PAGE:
As pharma business continues to grow, airports around the world are adapting their facilities and engaging with customers in order to attract more of this healthy cargo, writes Will Waters
Pharmaceutical and life-science products are one of the few commodity types that have seen consistent air freight growth in recent years. Shipments often have a high value, a short life-cycle and a need to meet strict regulatory controls, making air freight or express a natural logistics choice.
With airlines and forwarders all seeking to capitalise on this, airports in the last few years have tried to improve the environment for their customers, either by building or supporting the construction of new temperature-controlled facilities or attempting to improve communication or logistical flows at the airport. But the heightened needs of the pharma and healthcare sector mean that it requires regular and reliable information flows about its shipments, and this remains a challenge for cargo airports and their customers.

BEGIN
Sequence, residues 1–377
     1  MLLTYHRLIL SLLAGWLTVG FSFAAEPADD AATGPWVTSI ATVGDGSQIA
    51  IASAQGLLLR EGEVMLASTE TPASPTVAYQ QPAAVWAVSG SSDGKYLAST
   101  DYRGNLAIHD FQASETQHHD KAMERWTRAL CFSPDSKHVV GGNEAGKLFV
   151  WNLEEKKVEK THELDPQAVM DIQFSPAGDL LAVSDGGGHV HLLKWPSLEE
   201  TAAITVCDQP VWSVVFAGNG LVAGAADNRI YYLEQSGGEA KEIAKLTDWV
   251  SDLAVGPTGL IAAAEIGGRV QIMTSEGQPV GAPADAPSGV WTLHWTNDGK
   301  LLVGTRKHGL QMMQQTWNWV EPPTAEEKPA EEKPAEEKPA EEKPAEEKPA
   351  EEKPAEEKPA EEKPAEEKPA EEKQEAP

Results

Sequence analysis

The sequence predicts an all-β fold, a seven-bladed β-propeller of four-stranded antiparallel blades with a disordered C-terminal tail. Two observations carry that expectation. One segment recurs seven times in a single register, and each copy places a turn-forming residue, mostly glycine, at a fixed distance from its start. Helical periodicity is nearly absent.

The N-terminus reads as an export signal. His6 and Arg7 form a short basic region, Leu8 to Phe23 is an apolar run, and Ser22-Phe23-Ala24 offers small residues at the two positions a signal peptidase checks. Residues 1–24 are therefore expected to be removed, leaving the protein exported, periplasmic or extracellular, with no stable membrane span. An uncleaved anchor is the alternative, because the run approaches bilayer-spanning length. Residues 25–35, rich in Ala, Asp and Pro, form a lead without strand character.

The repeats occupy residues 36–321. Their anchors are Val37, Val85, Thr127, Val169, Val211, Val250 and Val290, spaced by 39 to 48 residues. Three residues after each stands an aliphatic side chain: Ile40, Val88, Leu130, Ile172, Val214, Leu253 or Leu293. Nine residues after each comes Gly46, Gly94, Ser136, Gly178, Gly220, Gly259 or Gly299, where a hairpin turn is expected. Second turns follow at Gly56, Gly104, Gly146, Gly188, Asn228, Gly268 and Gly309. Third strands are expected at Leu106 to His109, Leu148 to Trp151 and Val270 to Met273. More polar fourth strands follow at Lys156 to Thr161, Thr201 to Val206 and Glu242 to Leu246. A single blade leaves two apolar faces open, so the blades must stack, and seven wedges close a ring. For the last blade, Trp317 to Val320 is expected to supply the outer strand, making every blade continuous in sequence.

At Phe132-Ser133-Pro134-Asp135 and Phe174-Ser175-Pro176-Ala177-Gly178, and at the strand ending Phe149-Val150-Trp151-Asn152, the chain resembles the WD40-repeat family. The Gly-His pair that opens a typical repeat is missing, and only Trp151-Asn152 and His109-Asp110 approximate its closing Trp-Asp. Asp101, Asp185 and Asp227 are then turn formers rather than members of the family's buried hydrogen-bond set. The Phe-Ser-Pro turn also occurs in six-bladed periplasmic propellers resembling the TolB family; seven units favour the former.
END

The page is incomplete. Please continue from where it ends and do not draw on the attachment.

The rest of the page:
Amsterdam Schiphol, long known for its expertise in cool-chain management – particularly when it comes to flowers – has been increasing its focus on pharma and life sciences in the last three years, under the guidance of Bart Pouwels, who joined from DHL Express. Pouwels had been one of DHL’s so-called “industry managers”, covering the life-sciences sector, where he learned from pharma and biotech companies about their requirements in terms of distribution.
He says pharma and biotech companies complain that their freight forwarders describe the airport as “a black box”, where it is impossible to get information about the whereabouts, status or progress of shipments – or to give updated instructions. Pouwels says: “This is ridiculous: we know where every cargo shipment is going at the airport, but we need to make it more transparent so the freight forwarder knows what is going on.”
He says the airport’s role in this, as in many instances, is to connect people with each other. In relation to the pharma business, Schiphol has attempted to do this in several areas: it has led several trade missions, set up conferences at industry events, and brought all parties in the supply-chain together.
Schiphol has the advantage of support from the wider Amsterdam logistics and business community in attempting to build the area as a distribution point for various industries, including life sciences, co-operating with the Port of Amsterdam, the municipality of Amsterdam and other stakeholders on trade missions overseas in which they discuss how the Amsterdam region can support businesses.
This collaborative approach has helped influence a number of decisions, such as the start up by KLM of three-times-weekly freighters from Mumbai to Schiphol.